All 350,000 pupils in Northern Ireland return to school on Monday.
For many of those in post-primary years eight to 11, it will be their first time in the classroom in 2021.
Primary and pre-school pupils and those in years 12-14 made a phased return to school in March before the Easter break.
Health Minister Robin Swann and Education Minister Peter Weir welcomed the return, but said safety measures should continue to be followed.
The full return to school follows a decision taken by the Northern Ireland Executive on 1 April.
All school staff and pupils in years 12,13 and 14 are being asked to take twice-weekly lateral flow device (LFD) tests.
The Public Health Agency (PHA) has said that is to reduce the risk of the virus being transmitted in schools.
Post-primary pupils will also be required to wear face coverings in classrooms unless they have an exemption.
Schools have a number of other safety measures in place, including class "bubbles" to limit pupils mixing and ventilating classrooms.
They have also been told by the Department of Education (DE) that breakfast clubs, sports fixtures between schools and other extra-curricular or after-school clubs should not take place yet.
Rita Moore, principal of St Mary's in Limavady told BBC's Good Morning Ulster her staff were "looking forward" to welcoming children back through the gates.
"What I would call on Minister Weir to do, is let us know what the arrangements are going to be for next year," she added.
"We can't leave the end of this term without teachers knowing exactly what they have to prepare their children for in the coming academic year."
Dr Michelle Rainey, principal of Ballyclare High School, said it was important to reassure children.
"We're controlling what we can, bringing them in and creating that safe environment for them," she said.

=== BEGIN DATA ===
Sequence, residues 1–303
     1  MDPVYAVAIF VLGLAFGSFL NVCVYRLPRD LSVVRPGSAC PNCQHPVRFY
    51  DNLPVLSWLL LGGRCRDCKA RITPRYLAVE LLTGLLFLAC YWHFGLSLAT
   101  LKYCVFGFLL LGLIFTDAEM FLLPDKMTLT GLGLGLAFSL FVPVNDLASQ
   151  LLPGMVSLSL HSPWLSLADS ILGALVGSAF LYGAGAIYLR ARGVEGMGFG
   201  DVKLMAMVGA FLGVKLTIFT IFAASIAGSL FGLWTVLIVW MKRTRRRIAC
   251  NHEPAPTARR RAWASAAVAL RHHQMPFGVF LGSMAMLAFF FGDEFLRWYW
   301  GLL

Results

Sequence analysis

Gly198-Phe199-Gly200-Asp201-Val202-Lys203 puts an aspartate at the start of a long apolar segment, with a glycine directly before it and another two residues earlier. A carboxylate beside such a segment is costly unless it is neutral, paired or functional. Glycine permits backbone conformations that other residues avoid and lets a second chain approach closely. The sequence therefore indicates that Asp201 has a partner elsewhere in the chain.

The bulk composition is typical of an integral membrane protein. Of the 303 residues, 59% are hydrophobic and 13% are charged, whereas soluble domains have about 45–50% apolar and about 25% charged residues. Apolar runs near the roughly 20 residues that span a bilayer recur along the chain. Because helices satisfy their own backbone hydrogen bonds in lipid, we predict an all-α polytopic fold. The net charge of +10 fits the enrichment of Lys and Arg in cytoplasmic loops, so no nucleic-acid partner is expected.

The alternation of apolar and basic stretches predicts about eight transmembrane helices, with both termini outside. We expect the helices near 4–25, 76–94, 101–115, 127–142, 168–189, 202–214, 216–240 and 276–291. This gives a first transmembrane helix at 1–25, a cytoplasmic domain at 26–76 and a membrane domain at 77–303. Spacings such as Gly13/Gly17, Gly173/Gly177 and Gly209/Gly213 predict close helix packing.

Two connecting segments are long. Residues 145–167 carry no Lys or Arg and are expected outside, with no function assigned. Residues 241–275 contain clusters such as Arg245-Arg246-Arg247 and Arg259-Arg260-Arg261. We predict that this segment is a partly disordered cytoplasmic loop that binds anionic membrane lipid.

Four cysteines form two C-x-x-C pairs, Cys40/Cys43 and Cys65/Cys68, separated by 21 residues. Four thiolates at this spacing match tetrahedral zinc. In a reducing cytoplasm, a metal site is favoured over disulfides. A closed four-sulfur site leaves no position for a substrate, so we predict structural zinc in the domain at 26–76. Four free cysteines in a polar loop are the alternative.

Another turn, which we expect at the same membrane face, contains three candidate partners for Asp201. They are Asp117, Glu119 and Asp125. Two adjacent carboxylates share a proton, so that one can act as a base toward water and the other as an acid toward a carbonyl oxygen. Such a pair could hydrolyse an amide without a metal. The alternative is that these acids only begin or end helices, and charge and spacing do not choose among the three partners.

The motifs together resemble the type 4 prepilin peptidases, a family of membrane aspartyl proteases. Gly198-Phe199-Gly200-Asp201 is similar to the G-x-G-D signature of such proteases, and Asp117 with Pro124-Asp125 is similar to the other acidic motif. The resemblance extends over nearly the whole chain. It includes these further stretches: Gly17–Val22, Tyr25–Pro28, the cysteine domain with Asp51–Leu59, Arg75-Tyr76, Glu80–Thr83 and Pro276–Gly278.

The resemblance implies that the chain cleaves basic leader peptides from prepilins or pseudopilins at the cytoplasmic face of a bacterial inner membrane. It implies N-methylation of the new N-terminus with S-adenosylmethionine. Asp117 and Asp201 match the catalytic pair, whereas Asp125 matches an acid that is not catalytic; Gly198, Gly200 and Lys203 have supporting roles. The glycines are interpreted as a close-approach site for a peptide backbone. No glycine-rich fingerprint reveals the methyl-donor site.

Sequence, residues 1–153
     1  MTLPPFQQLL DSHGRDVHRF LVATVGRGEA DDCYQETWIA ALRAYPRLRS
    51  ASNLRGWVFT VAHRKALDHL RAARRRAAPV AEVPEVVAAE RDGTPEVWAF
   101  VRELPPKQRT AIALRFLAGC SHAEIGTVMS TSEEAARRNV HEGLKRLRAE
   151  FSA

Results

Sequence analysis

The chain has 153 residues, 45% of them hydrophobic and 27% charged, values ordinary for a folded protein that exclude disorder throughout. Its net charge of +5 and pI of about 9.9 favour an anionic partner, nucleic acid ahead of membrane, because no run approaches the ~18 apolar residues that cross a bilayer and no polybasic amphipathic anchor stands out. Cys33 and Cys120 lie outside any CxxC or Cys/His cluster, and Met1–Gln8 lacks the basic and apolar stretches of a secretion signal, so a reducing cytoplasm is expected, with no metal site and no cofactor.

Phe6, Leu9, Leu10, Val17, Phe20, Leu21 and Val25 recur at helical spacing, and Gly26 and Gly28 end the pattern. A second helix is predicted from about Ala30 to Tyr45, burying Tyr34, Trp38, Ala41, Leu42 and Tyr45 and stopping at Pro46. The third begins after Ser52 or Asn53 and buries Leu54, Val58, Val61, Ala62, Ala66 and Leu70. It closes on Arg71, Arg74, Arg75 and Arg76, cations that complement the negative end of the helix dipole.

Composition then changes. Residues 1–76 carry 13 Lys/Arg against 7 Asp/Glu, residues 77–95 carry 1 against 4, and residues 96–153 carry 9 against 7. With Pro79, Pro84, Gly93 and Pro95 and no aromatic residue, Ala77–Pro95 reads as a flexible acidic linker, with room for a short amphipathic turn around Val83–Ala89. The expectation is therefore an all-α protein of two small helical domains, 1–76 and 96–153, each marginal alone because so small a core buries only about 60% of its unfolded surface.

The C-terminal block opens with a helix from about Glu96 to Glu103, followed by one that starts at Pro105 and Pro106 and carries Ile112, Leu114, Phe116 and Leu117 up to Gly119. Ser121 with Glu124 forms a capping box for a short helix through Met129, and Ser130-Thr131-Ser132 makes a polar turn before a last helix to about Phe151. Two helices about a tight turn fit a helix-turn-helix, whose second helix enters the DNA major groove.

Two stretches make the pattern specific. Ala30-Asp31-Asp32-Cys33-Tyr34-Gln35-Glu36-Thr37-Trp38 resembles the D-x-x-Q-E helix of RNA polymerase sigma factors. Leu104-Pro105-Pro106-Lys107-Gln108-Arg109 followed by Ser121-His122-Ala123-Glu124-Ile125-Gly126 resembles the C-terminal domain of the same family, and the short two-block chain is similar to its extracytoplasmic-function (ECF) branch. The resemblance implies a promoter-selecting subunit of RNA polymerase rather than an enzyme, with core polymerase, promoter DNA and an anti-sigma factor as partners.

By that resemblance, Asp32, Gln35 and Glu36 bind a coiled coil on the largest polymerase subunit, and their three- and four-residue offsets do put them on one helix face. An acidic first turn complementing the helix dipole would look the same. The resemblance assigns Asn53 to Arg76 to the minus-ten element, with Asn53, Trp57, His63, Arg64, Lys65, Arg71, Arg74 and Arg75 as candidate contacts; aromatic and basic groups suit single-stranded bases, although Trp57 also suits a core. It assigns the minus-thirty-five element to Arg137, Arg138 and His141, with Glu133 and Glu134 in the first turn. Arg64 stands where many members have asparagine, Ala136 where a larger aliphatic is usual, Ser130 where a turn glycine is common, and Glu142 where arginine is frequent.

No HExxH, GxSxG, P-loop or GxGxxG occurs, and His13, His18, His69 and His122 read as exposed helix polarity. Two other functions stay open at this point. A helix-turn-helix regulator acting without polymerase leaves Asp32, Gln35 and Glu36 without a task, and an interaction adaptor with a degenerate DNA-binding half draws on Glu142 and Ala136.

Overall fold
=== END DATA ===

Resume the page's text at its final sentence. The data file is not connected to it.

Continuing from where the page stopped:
Some experts have called for pupils to be given time to settle back in after what has been, for many, a long period learning from home.
The mental health champion Prof Siobhan O'Neill, for example, has previously said there should initially be a curriculum "designed to address children's worries about the pandemic and the virus."".
There have also been concerns that some pupils in years 12 -14 will face multiple exams as schools gather evidence to award them GCSE, AS and A-level grades.
As summer exams have been cancelled for a second year, teachers and schools will calculate the grades to be awarded to their pupils.
On Monday, Mr Weir said it was "important schools do not over test" those pupils in exam years.
He reiterated that tests, which the Northern Ireland exams board CCEA sent to schools for pupils to sit when they returned to school, were not compulsory.
"But the balance needs to be struck to make sure an assessment is being done," he said.
"I know work is being done to try and ease them back in and particularly a focus on trying to make sure their mental health is protected, but there will need to be some level of assessment."
A few grammar schools have also already said they would not use transfer tests in 2021 to select pupils due to the disruption to the education of children currently in Primary Six.